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Your first webservice explained

JaKXz edited this page · 14 revisions

  1. Getting Started

    1. Creating your first project
      1. Create Service from scratch
    2. Your first webservice explained
    3. ServiceStack's new API Design
    4. Designing a REST-ful service with ServiceStack
    5. Example Projects Overview
    6. Learning Resources
  2. Reference

    1. Order of Operations
    2. The IoC container
    3. Configuration and AppSettings
    4. Metadata page
    5. Rest, SOAP & default endpoints
    6. SOAP support
    7. Routing
    8. Service return types
    9. Customize HTTP Responses
    10. Plugins
    11. Validation
    12. Error Handling
    13. Security
    14. Debugging
    15. JavaScript Client Library (ss-utils.js)
  3. Clients

    1. Overview
    2. C#/.NET client
    3. Add ServiceStack Reference
      1. C# Add Reference
      2. F# Add Reference
      3. VB.NET Add Reference
      4. Swift Add Reference
      5. Java Add Reference
    4. Silverlight client
    5. JavaScript client
      1. Add TypeScript Reference
    6. Dart Client
    7. MQ Clients
  4. Formats

    1. Overview
    2. JSON/JSV and XML
    3. ServiceStack's new HTML5 Report Format
    4. ServiceStack's new CSV Format
    5. MessagePack Format
    6. ProtoBuf Format
  5. View Engines

    1. Razor & Markdown Razor
    2. Markdown Razor
  6. Hosts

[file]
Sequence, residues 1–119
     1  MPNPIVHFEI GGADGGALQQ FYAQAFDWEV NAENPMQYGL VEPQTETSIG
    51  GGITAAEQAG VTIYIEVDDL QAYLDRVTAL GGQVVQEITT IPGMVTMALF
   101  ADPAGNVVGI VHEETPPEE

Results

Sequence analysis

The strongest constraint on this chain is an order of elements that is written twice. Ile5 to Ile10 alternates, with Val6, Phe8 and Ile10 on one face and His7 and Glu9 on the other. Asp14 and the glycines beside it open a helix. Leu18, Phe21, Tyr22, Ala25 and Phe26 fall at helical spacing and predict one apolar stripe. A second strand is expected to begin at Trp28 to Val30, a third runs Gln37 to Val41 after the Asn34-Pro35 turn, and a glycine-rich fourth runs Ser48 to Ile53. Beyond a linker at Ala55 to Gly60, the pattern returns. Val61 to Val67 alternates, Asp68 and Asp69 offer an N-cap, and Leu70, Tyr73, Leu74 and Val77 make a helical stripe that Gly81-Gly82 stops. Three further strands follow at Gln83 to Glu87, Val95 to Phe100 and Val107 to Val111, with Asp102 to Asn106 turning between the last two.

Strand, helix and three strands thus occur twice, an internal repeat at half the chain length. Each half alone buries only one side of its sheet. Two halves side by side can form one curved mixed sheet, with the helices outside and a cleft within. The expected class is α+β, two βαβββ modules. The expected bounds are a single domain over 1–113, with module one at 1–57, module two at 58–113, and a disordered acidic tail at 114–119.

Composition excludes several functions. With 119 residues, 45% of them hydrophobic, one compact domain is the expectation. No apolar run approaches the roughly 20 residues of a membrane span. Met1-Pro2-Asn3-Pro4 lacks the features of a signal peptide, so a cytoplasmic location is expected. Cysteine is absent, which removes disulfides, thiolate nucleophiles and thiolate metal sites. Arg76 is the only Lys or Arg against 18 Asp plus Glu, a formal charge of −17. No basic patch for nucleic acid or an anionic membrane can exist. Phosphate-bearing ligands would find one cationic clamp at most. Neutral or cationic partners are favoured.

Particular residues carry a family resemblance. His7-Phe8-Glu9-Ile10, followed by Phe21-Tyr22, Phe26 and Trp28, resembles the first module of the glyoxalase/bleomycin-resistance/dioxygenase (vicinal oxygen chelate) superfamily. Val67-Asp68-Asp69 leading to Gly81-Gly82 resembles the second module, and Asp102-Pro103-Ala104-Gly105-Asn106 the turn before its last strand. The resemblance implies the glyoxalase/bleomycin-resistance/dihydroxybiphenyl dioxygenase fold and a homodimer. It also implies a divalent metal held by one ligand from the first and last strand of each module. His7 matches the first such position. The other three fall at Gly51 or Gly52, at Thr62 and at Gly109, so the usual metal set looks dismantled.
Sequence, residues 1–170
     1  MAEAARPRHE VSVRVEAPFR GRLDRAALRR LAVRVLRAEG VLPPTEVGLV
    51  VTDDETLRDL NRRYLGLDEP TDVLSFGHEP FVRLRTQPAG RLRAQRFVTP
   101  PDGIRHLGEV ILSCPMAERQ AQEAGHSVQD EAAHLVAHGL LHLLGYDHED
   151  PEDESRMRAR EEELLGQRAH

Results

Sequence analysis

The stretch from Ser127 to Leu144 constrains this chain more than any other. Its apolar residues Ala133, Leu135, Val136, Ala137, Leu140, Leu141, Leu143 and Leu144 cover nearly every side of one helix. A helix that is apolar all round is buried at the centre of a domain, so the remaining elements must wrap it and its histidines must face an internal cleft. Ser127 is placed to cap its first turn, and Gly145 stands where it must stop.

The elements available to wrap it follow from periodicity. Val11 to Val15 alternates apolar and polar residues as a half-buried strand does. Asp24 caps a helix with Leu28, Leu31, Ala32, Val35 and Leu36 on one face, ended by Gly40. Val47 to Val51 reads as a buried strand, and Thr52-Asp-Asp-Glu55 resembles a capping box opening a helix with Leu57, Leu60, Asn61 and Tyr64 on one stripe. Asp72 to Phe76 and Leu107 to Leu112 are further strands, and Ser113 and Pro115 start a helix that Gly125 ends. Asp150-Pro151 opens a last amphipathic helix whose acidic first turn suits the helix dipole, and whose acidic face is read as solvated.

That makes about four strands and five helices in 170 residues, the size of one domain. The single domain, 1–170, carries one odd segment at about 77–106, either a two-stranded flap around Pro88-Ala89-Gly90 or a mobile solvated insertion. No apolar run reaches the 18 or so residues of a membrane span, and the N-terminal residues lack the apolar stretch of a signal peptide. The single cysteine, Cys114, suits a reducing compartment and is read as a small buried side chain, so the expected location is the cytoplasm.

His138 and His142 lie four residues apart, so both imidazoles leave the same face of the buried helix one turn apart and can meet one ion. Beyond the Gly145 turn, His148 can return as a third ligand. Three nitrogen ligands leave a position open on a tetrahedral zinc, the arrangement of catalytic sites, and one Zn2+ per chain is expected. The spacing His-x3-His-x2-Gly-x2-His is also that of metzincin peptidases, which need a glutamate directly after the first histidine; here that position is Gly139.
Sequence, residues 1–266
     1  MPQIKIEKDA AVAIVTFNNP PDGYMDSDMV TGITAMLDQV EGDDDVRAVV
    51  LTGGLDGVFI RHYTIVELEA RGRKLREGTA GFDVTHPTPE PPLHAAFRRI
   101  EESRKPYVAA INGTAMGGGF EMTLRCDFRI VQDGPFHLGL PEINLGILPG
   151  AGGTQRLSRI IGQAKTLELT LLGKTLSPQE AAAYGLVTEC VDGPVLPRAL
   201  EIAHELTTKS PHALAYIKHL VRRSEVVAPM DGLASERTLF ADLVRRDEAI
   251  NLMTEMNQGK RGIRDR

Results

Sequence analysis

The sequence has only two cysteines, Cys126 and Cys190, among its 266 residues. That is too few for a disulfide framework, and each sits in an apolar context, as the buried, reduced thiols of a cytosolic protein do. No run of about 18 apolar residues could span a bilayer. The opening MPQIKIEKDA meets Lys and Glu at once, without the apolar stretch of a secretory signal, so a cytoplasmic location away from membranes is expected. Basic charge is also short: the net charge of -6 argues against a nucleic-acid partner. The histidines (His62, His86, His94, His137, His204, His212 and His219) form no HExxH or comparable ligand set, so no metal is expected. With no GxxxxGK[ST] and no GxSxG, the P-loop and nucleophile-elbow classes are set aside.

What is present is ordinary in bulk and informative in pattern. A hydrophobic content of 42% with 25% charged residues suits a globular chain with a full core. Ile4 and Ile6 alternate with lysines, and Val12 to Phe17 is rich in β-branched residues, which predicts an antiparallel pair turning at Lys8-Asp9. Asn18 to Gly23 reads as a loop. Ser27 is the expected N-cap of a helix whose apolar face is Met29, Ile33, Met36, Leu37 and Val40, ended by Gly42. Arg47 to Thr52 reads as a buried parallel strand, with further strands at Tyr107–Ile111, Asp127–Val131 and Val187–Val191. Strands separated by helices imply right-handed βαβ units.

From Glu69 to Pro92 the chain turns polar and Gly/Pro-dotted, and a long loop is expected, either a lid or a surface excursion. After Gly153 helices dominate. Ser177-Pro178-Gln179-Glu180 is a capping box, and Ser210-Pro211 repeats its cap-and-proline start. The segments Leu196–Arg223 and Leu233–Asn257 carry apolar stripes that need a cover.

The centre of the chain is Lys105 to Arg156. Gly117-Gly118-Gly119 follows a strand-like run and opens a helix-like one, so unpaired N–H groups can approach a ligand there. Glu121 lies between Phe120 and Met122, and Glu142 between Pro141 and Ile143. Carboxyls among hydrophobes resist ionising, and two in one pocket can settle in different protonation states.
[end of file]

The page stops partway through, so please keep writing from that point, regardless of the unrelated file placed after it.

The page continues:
1. IIS
    2. Self-hosting
    3. Messaging
    4. Mono
  7. Security

    1. Authentication/authorization
    2. Sessions
    3. Restricting Services
  8. Advanced

    1. Configuration options
    2. Access HTTP specific features in services
    3. Logging
    4. Serialization/deserialization
    5. Request/response filters
    6. Filter attributes
    7. Concurrency Model
    8. Built-in caching options
    9. Built-in profiling
    10. Form Hijacking Prevention
    11. Auto-Mapping
    12. HTTP Utils
    13. Virtual File System
    14. Config API
    15. Physical Project Structure
    16. Modularizing Services
    17. ServiceStack Integration
    18. Embedded Native Desktop Apps
    19. Auto Batched Requests
  9. Server Events

    1. Overview
    2. JavaScript Client
    3. C# Server Events Client
    4. Redis Server Events
  10. Plugins

    1. Auto Query
    2. Server Sent Events
    3. Swagger API
    4. Postman
    5. Request logger
    6. Sitemaps
  11. Tests

    1. Testing
    2. HowTo write unit/integration tests
  12. ServiceStackVS

    1. Install ServiceStackVS
    2. Add ServiceStack Reference
    3. AngularJS App Template
    4. ReactJS App Template
  13. Other Languages

    1. FSharp
      1. Add ServiceStack Reference
    2. VB.NET
      1. Add ServiceStack Reference
    3. Swift
      1. Swift Add Reference
  14. Deployment

    1. Deploy Multiple Sites to single AWS Instance
      1. Simple Deployments to AWS with WebDeploy
    2. Advanced Deployments with OctopusDeploy
  15. Install 3rd Party Products

    1. Redis on Windows
    2. RabbitMQ on Windows
  16. Use Cases

    1. Single Page Apps
      1. HTML, CSS and JS Minifiers